Gotye is many things to many people, and, at once, many things to just one person (himself for instance), although, at times, he may be a few things to a few people. At once.
Sometimes, he may mean something to some person…or people (and we all know you can fool some people, some of the time) but it must be said: his aim is to fool himself, all of the time. Which he does.
But seriously…by Phil Collins was an album that informs pretty much all of Gotye’s songwriting to date. Any sounds in his tracks that sound familiar are of course, exactly that.
They come to Gotye in his dreams, and he gathers them round him like little children round a campfire, desperate (although they don’t know it) for visions of a glorious future, where all children (that is, “sounds”) can play (read: “resound”) together harmoniously… in a world where love rules and everyone will gladly “lay their body down for the groove”.
Is that how they say it these days?
Variously described as (i) a reclusive hunchback with a penchant for blue cheese and a horrible flatulence problem, (ii) a leading Soviet authority on ancient and early modern Russian political, economic and social history or (iii) a debilitating affliction of the neck (resulting from a childhood inattention to spelling), in actual fact, Gotye is just a young Australian fellow named Wally De Backer who makes music in his bedroom.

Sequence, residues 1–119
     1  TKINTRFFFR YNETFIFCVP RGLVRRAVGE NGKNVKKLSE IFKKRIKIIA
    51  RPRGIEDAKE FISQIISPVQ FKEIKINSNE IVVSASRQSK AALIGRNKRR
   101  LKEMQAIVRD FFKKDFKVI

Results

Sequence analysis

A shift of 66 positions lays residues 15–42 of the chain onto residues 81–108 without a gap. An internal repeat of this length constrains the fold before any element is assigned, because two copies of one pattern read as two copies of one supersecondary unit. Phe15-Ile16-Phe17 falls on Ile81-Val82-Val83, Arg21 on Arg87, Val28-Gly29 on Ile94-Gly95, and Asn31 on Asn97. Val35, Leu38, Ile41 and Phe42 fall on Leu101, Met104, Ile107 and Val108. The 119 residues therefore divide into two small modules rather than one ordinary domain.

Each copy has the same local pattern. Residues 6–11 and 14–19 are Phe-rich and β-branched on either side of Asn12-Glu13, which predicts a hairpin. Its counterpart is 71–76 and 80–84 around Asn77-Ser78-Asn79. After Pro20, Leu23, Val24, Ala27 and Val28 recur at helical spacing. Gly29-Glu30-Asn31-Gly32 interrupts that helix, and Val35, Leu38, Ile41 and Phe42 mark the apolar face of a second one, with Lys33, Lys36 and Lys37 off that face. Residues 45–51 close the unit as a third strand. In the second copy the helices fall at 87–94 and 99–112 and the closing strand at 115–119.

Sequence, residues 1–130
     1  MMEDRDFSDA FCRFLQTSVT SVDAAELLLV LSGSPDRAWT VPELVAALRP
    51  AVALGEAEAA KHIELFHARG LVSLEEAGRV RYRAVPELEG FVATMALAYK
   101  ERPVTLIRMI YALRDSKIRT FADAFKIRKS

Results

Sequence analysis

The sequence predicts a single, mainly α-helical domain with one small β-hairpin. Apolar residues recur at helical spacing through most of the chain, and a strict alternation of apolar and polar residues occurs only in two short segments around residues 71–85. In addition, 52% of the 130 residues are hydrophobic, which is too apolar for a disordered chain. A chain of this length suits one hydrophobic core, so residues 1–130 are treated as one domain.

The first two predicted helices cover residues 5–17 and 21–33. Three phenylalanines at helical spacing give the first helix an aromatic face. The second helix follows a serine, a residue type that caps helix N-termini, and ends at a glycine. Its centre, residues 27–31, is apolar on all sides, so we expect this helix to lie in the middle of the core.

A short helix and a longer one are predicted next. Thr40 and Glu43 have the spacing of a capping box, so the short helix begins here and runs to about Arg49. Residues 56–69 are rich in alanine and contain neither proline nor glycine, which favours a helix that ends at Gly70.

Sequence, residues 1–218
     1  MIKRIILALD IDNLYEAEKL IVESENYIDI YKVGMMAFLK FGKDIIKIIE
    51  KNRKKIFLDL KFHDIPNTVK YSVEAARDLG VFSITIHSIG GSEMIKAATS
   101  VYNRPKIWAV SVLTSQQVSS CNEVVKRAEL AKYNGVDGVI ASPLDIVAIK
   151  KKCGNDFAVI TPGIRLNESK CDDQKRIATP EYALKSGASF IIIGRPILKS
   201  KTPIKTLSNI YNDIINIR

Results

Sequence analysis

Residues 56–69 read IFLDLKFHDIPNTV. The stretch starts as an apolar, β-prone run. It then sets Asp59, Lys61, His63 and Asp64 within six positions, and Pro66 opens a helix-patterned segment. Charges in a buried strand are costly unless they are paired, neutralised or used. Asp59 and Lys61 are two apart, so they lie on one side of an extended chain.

But which account do you find more interesting huh? I mean, really!
Boardface (2004) and Like Drawing Blood (2006) are two lps he has released independently. You can find them in Australian music stores courtesy of Creative Vibes or buy them directly from www.gotye.com via credit card/debit card/barter of precious shells. Op shops, of course, also carry a good deal of Gotye stock, albeit alternately credited and in component form.
Oh, and fyi, Aussies should pronounced Gotye as “gore-ti-yeah”, using that inimitably dry and elongated sound they call an “accent”!
Wally can say that because he was born in Belgium (and he speaks English good).
Parties from overseas wishing to “name-check” Wally’s musical moniker should employ a complex system of pops and clicks, or alternatively, engage in a series of hand symbols that represent the following character: §.
This is because their accents are even worse than those of Australians, and they do not make English. Good.
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